Belonging in One NationBy Jon Yates
The first ‘One Nation’ politician was a
of course a Tory. Writing in 1845,Benjamin Disraeli described two nations where there should be one.
[The Queen] rules over two nations [the rich and the poor]; between whomthere
… is no sympathy; who are as ignorant of each other’s habits, thoughts,and feelings, as if they were … i
nhabitants of different planets
Disraeli’s writing –
though of a different political hue
makes one point clear.That if one area is home turf for a
party, it is integration. Forwhat is integration if not
the vital task of making ‘One N
out of many?But what should a modern day
One Nation' integration policy look like?What is clear is that w
hether we’re looking at ethnicity, class or age, the UK
has an integration problem. And it is a problem that impacts some of ourmost critical policy challenges:
Social mobility: Relationships and networks are key to social mobility.However, half of our poorest children are educated together in just 20%of our schools.
Unemployment: 80% of jobs are never advertised but passed throughword of mouth. However half of unemployed Brits spend most of theirtime with others who are out of work.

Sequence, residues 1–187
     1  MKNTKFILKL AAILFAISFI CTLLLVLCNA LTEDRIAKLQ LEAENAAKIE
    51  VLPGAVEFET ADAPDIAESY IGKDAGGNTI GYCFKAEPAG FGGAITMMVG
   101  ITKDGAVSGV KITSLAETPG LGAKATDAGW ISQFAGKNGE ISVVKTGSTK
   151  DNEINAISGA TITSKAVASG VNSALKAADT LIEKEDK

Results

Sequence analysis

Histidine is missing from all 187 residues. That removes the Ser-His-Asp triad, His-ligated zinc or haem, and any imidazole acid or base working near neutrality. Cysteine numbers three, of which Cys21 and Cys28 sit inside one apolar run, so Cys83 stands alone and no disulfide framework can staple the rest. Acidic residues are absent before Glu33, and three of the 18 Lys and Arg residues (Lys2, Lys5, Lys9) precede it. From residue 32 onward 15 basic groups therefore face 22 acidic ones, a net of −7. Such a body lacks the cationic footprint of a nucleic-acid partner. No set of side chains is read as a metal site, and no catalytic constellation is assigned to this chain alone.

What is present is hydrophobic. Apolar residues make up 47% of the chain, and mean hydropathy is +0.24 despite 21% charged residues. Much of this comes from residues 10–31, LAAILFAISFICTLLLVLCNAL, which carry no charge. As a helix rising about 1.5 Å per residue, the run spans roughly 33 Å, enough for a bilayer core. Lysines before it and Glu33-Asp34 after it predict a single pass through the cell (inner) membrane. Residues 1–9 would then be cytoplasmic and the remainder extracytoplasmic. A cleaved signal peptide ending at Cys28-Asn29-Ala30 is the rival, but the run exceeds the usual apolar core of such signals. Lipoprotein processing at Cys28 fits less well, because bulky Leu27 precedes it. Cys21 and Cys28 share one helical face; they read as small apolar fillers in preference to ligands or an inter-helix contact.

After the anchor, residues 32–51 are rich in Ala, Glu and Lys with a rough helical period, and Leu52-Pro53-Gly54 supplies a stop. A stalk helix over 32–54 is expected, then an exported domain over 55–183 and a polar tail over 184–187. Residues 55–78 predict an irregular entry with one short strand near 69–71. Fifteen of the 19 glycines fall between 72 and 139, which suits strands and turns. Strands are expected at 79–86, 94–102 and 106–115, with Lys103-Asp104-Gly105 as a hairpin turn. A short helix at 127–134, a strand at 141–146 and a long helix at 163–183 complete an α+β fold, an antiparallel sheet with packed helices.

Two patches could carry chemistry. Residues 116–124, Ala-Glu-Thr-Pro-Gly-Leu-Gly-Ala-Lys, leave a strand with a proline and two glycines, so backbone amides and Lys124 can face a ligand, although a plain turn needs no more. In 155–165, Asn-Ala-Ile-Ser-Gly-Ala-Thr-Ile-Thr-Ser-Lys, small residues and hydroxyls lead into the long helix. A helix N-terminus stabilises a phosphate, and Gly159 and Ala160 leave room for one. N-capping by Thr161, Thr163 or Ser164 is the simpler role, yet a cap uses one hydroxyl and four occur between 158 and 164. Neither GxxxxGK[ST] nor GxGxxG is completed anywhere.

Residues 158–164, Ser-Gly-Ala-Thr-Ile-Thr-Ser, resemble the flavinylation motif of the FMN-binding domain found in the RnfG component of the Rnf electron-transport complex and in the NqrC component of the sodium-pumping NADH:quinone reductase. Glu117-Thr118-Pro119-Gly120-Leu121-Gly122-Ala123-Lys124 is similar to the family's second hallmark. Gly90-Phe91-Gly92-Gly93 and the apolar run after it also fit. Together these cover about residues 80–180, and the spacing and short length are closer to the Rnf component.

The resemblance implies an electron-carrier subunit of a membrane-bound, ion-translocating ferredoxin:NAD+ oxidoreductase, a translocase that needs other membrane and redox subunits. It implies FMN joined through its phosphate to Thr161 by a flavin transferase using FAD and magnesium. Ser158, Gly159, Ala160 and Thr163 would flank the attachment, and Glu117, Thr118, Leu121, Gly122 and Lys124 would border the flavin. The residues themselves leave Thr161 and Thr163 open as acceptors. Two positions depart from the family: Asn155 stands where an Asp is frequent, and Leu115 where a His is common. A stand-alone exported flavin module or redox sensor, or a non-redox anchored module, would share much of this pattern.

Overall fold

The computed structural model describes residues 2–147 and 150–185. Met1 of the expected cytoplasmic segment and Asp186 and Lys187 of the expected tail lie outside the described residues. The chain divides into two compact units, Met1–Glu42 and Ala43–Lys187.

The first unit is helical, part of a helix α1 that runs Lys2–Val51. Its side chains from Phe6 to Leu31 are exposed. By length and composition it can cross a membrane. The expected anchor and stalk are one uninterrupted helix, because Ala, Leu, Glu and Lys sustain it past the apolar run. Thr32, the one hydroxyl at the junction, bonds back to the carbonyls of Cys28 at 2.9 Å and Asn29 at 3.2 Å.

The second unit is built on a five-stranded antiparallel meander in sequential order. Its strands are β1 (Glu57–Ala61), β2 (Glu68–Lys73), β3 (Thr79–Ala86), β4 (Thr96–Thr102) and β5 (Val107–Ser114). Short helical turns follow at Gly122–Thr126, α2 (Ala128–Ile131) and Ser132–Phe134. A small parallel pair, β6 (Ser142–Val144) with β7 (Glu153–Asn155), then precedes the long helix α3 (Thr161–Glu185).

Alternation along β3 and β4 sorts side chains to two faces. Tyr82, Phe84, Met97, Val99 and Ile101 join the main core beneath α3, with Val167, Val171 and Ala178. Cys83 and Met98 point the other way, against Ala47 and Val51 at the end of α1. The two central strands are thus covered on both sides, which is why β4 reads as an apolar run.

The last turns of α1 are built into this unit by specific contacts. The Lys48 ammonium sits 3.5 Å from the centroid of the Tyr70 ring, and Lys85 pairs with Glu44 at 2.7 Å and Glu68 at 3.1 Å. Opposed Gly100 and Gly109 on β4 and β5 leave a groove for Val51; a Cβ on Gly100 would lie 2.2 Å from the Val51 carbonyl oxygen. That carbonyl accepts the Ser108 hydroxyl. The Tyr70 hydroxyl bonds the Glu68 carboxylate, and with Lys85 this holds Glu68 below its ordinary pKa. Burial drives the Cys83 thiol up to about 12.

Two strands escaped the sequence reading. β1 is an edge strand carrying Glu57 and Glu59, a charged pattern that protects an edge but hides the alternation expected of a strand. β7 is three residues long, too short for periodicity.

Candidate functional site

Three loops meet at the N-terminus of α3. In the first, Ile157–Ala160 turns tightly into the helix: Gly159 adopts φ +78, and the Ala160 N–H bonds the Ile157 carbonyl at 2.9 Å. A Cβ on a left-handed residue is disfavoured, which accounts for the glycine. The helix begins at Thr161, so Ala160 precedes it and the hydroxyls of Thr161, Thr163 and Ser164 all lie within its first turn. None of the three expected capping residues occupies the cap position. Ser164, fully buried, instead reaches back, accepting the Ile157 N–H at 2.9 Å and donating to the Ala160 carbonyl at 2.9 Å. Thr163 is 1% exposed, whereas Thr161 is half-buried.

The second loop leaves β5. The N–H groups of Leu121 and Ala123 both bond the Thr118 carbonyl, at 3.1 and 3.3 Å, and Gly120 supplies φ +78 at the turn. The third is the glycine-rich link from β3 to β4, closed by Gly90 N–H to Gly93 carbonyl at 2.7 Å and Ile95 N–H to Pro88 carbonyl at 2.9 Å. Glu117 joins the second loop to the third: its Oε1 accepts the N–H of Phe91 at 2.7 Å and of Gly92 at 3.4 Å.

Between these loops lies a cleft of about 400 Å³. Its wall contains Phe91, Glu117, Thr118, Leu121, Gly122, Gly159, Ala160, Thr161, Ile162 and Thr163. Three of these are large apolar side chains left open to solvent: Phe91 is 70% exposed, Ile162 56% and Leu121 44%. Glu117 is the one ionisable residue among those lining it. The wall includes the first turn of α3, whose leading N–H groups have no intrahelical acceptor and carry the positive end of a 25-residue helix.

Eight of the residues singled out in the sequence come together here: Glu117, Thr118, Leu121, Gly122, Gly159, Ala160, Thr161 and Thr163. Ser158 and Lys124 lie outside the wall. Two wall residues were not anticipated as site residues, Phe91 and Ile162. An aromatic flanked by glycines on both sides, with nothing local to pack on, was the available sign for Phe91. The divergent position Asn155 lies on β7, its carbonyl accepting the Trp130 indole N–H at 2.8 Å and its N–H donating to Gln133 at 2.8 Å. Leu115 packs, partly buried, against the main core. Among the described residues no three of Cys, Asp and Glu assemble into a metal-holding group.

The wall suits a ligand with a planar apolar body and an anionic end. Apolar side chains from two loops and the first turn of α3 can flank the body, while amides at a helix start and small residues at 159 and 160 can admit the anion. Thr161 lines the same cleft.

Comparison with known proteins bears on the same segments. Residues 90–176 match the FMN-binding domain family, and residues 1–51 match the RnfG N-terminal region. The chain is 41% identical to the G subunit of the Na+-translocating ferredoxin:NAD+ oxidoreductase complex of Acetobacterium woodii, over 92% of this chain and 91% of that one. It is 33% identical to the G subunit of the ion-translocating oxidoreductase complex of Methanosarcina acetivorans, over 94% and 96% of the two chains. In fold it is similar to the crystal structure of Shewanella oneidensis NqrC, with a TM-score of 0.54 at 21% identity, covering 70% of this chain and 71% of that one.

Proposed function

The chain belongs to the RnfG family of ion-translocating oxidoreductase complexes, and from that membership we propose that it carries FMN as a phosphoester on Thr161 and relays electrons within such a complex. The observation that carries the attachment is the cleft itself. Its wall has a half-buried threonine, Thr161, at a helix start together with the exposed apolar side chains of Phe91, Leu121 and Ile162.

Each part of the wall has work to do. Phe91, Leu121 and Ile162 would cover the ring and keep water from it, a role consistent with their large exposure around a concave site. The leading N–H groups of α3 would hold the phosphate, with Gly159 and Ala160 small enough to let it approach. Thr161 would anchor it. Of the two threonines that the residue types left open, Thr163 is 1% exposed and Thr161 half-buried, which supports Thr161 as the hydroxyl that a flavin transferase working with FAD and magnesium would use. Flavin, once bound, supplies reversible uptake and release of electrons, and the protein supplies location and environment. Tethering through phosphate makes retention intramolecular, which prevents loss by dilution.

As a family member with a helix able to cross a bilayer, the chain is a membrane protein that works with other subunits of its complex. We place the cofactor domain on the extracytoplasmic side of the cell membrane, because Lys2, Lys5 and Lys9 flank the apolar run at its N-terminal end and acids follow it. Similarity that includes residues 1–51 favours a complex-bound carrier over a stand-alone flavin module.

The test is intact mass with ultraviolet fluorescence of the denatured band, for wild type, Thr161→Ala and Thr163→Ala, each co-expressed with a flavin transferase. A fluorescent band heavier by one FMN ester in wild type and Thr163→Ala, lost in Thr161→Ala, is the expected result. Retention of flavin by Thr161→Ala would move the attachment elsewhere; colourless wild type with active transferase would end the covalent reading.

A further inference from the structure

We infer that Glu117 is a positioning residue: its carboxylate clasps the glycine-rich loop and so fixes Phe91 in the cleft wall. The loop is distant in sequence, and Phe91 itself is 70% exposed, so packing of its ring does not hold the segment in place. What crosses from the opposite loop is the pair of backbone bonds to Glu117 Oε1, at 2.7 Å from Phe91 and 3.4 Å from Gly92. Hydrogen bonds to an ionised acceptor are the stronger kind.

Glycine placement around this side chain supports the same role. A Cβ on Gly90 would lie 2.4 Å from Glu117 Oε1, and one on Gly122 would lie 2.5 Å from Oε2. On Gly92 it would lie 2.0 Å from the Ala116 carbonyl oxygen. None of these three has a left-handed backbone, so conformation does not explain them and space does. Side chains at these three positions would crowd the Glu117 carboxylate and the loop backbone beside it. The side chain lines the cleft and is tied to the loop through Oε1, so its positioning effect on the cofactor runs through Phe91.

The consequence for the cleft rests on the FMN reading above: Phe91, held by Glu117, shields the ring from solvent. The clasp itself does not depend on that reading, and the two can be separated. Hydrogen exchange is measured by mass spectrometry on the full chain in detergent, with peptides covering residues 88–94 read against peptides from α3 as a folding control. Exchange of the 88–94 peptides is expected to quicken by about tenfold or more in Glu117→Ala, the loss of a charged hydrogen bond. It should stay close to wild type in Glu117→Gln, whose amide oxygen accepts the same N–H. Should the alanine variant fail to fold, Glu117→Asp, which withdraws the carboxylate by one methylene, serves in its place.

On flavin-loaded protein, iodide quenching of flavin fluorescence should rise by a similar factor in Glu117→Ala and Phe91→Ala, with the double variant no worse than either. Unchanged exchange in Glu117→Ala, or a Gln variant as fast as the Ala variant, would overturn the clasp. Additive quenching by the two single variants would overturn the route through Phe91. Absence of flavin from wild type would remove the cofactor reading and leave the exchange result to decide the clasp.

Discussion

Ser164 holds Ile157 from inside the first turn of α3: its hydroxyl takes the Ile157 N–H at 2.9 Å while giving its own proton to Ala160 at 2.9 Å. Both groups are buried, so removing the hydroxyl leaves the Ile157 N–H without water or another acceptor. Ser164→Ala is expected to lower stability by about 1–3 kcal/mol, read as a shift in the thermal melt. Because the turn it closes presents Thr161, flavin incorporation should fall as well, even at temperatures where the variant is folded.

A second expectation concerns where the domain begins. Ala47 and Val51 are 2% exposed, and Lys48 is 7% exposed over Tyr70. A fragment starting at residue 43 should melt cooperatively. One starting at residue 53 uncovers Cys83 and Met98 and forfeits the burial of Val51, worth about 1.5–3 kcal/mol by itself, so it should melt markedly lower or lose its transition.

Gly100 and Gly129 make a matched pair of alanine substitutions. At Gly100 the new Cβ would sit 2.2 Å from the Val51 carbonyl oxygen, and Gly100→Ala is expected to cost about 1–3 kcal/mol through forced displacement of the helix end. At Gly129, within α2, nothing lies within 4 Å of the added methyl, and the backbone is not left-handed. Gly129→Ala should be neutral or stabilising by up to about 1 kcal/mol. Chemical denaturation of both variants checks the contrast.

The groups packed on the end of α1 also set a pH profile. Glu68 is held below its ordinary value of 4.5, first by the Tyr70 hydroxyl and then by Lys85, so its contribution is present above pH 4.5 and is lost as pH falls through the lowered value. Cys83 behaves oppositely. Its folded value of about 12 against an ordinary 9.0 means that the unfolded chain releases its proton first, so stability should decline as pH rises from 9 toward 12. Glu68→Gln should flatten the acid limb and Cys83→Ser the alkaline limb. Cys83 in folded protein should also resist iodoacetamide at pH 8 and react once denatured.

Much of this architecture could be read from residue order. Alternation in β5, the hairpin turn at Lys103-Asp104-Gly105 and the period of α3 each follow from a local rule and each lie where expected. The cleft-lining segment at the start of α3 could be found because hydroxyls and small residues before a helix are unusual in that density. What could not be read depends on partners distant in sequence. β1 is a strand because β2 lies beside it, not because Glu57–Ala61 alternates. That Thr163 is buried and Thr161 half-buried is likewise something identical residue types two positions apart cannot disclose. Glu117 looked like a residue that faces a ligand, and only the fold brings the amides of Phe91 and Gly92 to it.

Social Care: Loneliness makes the elderly more likely to suffer mentaland physical illness. However, 5 million senior citizens are sodisconnected from society that they describe the television as theirmain companion.
Security: Having a friend of different faiths makes you less susceptibleto extremism. However only 12% of non-Muslims have a Muslim friend.This lack of integration is not just serious
it is also obvious when we startlooking. We can see it when we visit our schools, we can see it when we walkround our neighbourhoods, we can see it when we look at our friends. For too